Types of Channels - 2023.1 English

Vitis Tutorials: Hardware Acceleration (XD099)

Document ID
Release Date
2023.1 English
Channel Type Examples Created By
FIFO Streams (including hls::streams and streamed arrays) User
Scalar propagation FIFOs Tool
Streams of blocks User

These FIFO channels should be thought of as “channels with their own handshake”, because:

  • Their read and write operations are scheduled.

  • Their read/write signals are driven individually by the pipeline control or the finite state machine (FSM).

  • Their full_n/empty_n signals directly stall individual iterations of a pipeline or states of the FSM.

Channel Type Examples Created By
Task Level FIFOs (TLF) Tool
Input and output ports to the upper level User

Task Level FIFOs (TLF) are scalar FIFOs which are connected to the done handshake of the producer for writing and to the start handshake of the consumer for reading. These types of FIFOs are inferred automatically by the tool. They are considered PIPO-like because of the underlying synchronization mechanism.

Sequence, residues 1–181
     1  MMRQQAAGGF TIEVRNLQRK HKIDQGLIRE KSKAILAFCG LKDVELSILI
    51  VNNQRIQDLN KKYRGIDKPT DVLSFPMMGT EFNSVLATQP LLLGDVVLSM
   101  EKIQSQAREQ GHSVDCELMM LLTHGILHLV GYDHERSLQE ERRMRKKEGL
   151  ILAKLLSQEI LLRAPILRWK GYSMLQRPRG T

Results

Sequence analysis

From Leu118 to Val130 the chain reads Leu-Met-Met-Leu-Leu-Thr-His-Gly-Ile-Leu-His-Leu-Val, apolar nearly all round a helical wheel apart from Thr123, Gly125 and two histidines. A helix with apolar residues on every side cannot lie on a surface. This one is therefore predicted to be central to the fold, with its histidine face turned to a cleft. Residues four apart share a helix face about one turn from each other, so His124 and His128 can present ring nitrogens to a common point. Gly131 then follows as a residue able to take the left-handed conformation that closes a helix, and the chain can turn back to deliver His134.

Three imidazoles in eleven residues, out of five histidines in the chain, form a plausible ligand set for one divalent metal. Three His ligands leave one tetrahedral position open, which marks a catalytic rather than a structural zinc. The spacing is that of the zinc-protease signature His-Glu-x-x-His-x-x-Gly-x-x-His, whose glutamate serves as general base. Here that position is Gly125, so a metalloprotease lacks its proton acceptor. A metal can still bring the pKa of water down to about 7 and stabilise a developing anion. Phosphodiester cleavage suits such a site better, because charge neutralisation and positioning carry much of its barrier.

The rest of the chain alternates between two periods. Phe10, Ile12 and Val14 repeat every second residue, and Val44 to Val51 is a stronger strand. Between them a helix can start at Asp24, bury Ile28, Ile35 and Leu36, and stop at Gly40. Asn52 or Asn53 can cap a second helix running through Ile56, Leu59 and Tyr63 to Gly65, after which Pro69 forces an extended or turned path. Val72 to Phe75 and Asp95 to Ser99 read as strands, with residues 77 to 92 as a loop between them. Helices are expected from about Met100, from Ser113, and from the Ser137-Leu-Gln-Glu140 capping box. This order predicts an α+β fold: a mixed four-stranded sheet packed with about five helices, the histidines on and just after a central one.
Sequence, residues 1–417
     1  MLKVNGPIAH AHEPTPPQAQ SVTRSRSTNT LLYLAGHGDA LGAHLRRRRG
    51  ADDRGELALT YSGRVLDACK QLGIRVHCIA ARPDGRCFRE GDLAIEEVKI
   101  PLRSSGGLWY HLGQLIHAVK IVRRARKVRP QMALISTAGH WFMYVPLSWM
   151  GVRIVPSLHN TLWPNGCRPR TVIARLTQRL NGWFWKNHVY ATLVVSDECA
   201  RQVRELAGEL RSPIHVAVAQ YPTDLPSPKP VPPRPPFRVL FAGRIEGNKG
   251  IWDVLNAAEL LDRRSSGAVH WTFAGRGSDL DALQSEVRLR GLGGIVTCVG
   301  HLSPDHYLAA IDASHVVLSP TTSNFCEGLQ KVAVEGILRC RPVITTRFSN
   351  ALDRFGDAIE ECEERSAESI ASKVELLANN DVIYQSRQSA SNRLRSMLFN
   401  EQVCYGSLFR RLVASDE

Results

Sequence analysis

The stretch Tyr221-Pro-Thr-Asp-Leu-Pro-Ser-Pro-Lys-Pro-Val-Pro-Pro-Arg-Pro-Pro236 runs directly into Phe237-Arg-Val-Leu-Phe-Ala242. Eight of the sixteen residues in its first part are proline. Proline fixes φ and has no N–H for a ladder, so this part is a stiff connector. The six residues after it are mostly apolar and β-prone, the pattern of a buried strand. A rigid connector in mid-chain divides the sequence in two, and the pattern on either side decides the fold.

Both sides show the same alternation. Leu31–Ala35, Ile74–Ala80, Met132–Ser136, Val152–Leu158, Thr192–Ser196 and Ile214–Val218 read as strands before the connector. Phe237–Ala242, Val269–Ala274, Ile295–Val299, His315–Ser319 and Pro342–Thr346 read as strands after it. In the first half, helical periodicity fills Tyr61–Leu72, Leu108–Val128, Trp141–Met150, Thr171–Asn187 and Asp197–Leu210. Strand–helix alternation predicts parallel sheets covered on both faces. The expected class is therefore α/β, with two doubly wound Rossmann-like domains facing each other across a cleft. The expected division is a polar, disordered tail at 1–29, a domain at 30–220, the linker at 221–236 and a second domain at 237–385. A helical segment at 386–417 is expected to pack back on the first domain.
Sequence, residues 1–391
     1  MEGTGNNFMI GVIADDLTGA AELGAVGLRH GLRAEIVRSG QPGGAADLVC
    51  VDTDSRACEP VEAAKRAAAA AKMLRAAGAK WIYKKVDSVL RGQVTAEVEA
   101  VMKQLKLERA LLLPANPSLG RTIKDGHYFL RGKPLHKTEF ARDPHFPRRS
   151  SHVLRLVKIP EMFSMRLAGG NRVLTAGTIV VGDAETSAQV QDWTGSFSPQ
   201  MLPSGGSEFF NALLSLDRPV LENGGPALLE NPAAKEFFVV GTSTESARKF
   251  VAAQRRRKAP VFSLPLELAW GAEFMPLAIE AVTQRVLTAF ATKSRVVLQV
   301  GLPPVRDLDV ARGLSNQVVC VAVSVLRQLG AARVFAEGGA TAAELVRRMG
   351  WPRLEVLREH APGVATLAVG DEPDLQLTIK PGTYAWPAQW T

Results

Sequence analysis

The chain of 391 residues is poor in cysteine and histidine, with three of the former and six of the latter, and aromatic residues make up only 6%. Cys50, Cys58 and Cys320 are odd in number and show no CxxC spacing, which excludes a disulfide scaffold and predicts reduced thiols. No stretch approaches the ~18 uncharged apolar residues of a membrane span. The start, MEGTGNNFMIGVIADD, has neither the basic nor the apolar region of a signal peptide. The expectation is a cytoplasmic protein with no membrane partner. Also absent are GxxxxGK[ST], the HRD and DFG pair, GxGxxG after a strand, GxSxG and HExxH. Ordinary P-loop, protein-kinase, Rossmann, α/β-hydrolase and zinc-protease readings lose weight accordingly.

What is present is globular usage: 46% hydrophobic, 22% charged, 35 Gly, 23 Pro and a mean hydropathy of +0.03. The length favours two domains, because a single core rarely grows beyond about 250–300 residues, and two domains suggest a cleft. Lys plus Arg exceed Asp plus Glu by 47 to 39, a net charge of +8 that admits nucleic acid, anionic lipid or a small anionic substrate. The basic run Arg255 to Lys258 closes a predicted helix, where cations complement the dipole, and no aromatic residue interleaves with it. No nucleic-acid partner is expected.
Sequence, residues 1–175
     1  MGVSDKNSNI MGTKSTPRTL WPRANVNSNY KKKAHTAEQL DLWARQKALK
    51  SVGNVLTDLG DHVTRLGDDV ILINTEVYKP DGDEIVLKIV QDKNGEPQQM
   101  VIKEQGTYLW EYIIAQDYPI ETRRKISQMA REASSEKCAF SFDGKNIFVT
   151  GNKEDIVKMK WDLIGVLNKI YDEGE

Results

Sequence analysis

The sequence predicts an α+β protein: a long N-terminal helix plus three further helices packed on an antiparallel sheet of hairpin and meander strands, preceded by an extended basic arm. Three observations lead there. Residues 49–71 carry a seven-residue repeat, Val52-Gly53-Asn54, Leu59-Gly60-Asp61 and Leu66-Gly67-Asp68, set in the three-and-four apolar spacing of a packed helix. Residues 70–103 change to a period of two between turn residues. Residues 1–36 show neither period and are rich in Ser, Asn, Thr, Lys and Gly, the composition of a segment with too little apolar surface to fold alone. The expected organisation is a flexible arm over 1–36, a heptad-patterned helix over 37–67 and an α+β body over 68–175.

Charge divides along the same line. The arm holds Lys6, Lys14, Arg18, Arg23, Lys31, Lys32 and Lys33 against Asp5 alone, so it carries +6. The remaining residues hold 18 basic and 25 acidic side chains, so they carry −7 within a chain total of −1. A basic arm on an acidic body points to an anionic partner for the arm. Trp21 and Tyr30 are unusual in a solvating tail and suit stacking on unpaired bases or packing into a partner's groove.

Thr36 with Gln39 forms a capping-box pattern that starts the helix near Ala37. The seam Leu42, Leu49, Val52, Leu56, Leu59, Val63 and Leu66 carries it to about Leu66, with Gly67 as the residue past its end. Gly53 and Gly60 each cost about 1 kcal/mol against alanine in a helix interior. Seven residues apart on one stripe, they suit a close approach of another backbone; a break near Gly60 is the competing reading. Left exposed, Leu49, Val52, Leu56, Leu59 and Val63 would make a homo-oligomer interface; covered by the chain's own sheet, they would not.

These channels should be thought of as “channels that use ap_ctrl_chain handshake”, because:

  • Their write and read operations are not scheduled. They are implicitly associated with the “done” handshake or the “start” handshake of a process.

  • Their write and read signals are connected to ap_done and ap_ready respectively.

  • Their full_n and empty_n are connected to ap_continue and ap_start respectively.

What really matters with respect to the analysis of depth, performance, deadlocks etc., is whether:

  • Channels have their own handshake (FIFOs). Hence their accesses are spread throughout the execution of their process. For example, you can read a FIFO outside the first II of a pipeline, or even in the last process of a dataflow network.

  • Channels are hand-shaken via ap_ctrl_chain (PIPOs). Hence their reads must be in the first II of the pipeline or in processes that are in the first “level” of a dataflow network, and similarly their writes must be in the last II or in the last “level.”

  • The other difference is based on the amount of data that is being transferred in one operation is more relevant for resource analysis than for performance: array for PIPOs and streams of blocks, scalar for streams, scalar propagation FIFOs and task-level FIFOs.